The most important thing, whether you are doing free weights or weights machines is to work *well within* your capacity. Do little girly weights if that's what it takes to start and feel no shame over it - with an existing postural imbalance it's really important not to do anything that will encourage you to increase it, and weights that are too high will do that. The moment you're actually straining, you need to stop - you may be able to come back for another few reps at a lower weight after you've gone off to do a different body area, but don't be bound to *having* to finish a set just because you've started it.

Regarding rowing, I've actually been banned by my consultant as it stands because apparently it puts a lot of stress on your facet joints. I can certainly see why it would in many cases, but I actually think a lot has to do with technique. Assuming I don't find it totally impossible once I'm fused to the sacrum (which I may), I intend to get my brother to teach me how to do it properly and well. I would absolutely not trust a gym instructor - even Craig, whose virtues I've extolled here before on several occasions - to do this, given the problems that I have as almost all will not actually know how to really do it properly. My brother however is a competetive rower who a couple of years ago was within a whisker of the times needed to qualify for the British team!! So I think I can trust him to spot me on it ;-) More importantly, because I'm quite self aware I can trust myself to know whether it is still not working for me even with such good training. That's the reason for staying well within your capacity with weights as well - makes it much easier to develop that self awareness.

The other thing I'd suggest, especially if you can't find a Nautilus gym, or don't want to do machines, is to find a proper body builder's gym. You don't have to want to be muscled up like some of the guys you'll find there, but what you will get there is a massive amount of knowledge especially regarding good form. I've used quite a few gyms over the years, and really find that the fluffy gyms like Cannons and LA Fitness and the like are just not up to scratch as regards the instruction. They're fine if you know what you're doing (although they tend to be full of LifeFitness machines, which are really not the best out there although they're certainly the most common), and they generally do decent classes if that's what you want, but I wouldn't recommend them if you're wanting to develop a program. The amount of extremely poor form I've seen at them has been scary, and leads to chronic injury. You see a fair bit of injury at bodybuilders gyms as well, but it tends to be acute injury and there tends to be a well spring of knowledge on how to work around an injury, and how to avoid too much imbalance despite it, which I'm sure you can see the use of :-)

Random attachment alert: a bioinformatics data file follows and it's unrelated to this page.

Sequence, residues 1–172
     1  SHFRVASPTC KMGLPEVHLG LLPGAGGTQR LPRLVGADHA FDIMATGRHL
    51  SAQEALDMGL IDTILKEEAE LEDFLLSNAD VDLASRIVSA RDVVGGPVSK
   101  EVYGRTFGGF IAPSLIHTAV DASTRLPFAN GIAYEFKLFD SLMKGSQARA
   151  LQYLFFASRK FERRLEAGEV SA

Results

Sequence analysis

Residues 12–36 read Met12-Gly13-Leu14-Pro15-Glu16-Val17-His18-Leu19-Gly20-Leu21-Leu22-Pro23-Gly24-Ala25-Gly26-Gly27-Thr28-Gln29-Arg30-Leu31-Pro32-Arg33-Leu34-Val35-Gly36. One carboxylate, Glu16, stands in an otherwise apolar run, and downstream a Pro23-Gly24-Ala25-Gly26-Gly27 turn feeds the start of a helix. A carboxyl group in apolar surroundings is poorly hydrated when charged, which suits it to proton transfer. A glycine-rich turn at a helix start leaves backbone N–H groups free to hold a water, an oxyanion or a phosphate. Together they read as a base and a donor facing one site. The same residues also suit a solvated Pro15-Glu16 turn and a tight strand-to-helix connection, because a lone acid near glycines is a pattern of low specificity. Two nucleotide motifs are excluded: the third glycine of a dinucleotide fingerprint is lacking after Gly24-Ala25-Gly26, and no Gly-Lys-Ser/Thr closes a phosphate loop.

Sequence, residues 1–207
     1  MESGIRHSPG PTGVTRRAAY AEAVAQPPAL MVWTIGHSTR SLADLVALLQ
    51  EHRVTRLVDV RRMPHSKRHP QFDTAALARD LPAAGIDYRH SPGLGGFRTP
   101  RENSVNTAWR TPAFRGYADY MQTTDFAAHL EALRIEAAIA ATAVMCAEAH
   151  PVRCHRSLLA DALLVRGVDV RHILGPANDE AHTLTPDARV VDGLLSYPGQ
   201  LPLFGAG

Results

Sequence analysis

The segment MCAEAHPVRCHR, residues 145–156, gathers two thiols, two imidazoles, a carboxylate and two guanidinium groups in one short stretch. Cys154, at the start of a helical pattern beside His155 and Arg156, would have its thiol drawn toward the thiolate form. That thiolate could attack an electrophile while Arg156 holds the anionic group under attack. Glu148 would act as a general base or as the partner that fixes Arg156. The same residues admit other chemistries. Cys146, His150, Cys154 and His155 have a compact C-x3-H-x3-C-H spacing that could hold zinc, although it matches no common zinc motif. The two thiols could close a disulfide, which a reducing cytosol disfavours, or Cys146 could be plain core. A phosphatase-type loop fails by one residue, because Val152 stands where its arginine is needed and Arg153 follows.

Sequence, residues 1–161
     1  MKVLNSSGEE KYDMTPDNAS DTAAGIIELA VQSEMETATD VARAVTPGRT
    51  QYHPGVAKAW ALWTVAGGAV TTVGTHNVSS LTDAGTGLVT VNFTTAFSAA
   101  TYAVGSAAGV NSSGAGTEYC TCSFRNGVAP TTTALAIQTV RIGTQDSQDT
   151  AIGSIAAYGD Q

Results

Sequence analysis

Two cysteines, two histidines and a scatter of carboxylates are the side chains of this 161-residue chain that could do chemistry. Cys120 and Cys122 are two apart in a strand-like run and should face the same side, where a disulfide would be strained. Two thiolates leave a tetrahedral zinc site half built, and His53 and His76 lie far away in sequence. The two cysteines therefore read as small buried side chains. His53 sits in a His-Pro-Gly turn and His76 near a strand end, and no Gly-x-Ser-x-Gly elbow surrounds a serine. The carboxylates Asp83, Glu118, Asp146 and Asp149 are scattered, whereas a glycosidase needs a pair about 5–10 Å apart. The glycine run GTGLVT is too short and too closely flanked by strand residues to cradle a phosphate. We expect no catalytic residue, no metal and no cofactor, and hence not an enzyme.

Anyway, major essay over, hope some of it has been useful :glee:

Sealy
4th February 2008, 02:10 PM
Originally posted by Writer@Feb 2 2008, 08:27 PM
Imbalance of musculature in the back is a major component of scoliosis, and the abnormal configuration differs from case to case. The thing to be careful of is not to strengthen your already too-strong muscles at the expense of the weaker side, lest you make your curves worse.

For instance, the classic rowing exercise is designed for a normal, balanced back. Since scoliotic backs are by definition twisted, you could easily fall into the trap of pulling more with your convex-side muscles than the weaker concave-side groups. It would be tricky to adjust so you pull equally, or ideally more with the weaker side.


I'm a little confused as to how rowing exercises could make the muscles on the convex side stronger at the expense of the concave side. Wouldn't the weaker side have to work harder to pull?

titch
4th February 2008, 05:08 PM
Actually, it's natural to just pull harder with the stronger side - because it's a single bar, you don't notice that you're doing it. Um - don't think that helps, so I'll go off and think about it again to see if I can work out how to explain it better :P

Sealy
4th February 2008, 05:45 PM
I think I see what you mean :-D

Writer
11th February 2008, 11:15 PM
As I understand it, if your spine is twisted, then the spinal erector muscles on the convex side are going to fire first when you lean back. The weak-side muscles will likely fire later and incompletely, so the strong side does most of the work.